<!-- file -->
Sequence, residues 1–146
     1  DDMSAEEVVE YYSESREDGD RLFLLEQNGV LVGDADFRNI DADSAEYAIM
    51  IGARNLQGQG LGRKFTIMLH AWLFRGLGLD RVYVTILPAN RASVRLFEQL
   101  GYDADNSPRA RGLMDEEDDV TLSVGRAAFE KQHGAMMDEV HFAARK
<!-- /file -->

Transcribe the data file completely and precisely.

Sequence, residues 1–146
     1  DDMSAEEVVE YYSESREDGD RLFLLEQNGV LVGDADFRNI DADSAEYAIM
    51  IGARNLQGQG LGRKFTIMLH AWLFRGLGLD RVYVTILPAN RASVRLFEQL
   101  GYDADNSPRA RGLMDEEDDV TLSVGRAAFE KQHGAMMDEV HFAARK